Why Are We So Dependent on Baby Formula?

Dr. Linda Dahl
6 min readMay 28, 2022

It’s Not as Simple as Telling Women to “Just Breastfeed”

Photo by Lucy Wolski on Unsplash

In February, Abbott Laboratories, makers of Similac, closed its plant in Michigan after four babies became ill from bacterial infections after drinking their formula. Despite claims that there was no link between its formula and the infections, Abbott initiated a voluntary, nationwide recall. When combined with the existing supply chain problems, bureaucracy, the U.S.’s systemic lack of support for infant and child care, and the fact that the baby formula industry is an oligopoly controlled by just three companies, the result of the recall has been a nationwide shortage. As much as 43% of formula is out of stock at stores around the country.

In the face of this national baby formula crisis, President Biden announced a plan to address the shortage, including the invocation of the Defense Production Act. Over the weekend, the U.S. military airlifted a shipment of baby formula from Europe. According to Agriculture Secretary Tom Vilsack who greeted the delivery, the 78,000 of pounds of formula delivered is enough to feed 9,000 babies and 18,000 toddlers for one week. But what are the rest of the 75% of American babies and toddlers who receive at least some formula, according to the latest CDC Breastfeeding Report Card, to do? “Try breastfeeding,” many — including celebrity Bette Middler — have…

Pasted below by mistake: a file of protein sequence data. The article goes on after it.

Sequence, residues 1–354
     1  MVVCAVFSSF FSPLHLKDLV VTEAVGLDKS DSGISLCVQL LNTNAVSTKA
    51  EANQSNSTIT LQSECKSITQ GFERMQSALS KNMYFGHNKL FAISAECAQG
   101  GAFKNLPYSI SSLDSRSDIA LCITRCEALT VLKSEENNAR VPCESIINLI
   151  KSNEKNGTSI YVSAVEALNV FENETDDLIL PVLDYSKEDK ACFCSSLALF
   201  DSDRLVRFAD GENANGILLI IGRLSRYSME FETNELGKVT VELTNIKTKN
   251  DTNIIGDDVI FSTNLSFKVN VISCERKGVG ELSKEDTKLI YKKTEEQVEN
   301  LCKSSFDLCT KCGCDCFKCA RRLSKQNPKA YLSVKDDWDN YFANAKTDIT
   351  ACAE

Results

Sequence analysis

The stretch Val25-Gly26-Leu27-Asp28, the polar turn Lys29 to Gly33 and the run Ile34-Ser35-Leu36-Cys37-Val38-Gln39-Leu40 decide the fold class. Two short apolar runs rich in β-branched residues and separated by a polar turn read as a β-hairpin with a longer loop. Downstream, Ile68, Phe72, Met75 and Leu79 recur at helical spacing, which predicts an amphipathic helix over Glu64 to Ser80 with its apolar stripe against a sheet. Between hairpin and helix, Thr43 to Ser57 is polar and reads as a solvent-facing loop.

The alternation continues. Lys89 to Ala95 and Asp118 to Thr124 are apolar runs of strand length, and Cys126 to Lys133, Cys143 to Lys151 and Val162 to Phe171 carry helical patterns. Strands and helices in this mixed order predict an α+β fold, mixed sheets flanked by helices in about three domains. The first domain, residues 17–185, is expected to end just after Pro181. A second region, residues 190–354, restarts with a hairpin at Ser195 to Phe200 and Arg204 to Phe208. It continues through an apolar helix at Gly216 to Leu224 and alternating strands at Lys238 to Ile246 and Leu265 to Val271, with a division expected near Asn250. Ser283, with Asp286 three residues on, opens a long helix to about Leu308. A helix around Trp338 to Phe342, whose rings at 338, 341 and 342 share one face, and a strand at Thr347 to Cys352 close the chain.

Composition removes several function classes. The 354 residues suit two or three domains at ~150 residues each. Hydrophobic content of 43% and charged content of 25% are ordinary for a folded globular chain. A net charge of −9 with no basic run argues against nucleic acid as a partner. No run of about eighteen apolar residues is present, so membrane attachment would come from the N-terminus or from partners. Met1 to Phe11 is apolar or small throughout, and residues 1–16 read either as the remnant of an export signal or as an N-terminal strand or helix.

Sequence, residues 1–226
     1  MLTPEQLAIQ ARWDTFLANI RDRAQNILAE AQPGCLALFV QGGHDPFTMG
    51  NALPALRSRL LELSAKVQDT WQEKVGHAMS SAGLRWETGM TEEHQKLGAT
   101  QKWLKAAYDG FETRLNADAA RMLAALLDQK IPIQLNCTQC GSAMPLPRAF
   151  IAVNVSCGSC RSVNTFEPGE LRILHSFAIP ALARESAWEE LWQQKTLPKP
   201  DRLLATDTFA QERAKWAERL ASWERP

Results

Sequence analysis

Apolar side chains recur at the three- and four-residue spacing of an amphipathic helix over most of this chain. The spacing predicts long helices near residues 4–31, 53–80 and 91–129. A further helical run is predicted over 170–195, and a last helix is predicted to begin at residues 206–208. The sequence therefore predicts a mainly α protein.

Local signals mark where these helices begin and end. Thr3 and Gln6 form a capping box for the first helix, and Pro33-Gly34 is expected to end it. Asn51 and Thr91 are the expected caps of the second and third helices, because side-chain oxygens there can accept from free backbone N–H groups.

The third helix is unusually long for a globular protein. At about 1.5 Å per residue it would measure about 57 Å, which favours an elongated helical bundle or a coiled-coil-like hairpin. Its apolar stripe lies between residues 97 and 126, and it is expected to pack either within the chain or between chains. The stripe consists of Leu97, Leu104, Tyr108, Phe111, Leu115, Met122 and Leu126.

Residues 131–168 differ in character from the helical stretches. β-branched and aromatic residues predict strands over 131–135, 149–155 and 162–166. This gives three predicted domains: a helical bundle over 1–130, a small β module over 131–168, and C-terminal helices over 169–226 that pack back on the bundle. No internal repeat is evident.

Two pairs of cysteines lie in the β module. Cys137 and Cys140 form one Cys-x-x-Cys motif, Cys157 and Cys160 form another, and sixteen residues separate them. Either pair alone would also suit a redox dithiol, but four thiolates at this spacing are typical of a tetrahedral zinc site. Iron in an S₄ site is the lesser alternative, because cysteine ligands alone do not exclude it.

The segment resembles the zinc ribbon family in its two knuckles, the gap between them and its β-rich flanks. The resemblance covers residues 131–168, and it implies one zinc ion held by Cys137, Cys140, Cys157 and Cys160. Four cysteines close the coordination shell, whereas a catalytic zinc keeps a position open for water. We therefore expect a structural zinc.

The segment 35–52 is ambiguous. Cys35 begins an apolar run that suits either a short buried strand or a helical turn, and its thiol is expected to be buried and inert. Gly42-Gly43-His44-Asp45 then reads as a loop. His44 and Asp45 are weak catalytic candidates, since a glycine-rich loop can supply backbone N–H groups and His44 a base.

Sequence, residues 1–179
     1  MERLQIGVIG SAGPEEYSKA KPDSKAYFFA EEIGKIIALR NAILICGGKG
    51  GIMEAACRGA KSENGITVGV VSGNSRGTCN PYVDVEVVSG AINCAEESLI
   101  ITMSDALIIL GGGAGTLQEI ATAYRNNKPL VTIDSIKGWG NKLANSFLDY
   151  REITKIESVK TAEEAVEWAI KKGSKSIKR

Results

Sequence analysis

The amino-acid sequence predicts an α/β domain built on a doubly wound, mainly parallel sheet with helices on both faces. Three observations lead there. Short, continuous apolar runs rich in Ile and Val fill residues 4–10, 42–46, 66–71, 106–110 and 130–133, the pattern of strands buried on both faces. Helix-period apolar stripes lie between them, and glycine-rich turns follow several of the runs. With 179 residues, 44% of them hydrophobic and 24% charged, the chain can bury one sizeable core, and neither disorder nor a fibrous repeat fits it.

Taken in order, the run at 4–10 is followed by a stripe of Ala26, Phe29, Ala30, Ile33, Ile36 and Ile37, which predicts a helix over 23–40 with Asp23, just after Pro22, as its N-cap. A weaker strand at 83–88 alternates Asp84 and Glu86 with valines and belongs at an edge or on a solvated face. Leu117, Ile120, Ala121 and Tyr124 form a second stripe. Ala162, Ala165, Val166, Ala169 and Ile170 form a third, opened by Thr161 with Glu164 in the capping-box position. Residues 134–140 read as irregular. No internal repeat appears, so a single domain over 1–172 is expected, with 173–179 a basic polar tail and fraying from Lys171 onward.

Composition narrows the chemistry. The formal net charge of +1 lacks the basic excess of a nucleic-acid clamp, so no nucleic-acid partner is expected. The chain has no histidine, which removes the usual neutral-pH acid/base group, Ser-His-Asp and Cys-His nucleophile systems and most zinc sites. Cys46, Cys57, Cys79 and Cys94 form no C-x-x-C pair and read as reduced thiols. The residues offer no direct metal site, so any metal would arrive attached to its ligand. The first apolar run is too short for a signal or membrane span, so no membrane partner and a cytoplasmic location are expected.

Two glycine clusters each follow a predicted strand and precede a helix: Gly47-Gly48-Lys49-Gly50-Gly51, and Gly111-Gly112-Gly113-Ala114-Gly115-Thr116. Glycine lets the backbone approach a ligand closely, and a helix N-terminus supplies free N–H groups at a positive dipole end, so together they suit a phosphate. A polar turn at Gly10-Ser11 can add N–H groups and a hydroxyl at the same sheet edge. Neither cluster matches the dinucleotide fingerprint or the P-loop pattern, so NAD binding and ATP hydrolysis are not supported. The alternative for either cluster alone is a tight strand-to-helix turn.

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Dr. Linda Dahl

Physician. Author of Tooth and Nail:The Making of a Female Fight Doctor & Better Breastfeeding, http://www.drlindadahl.com @doctorlindadahl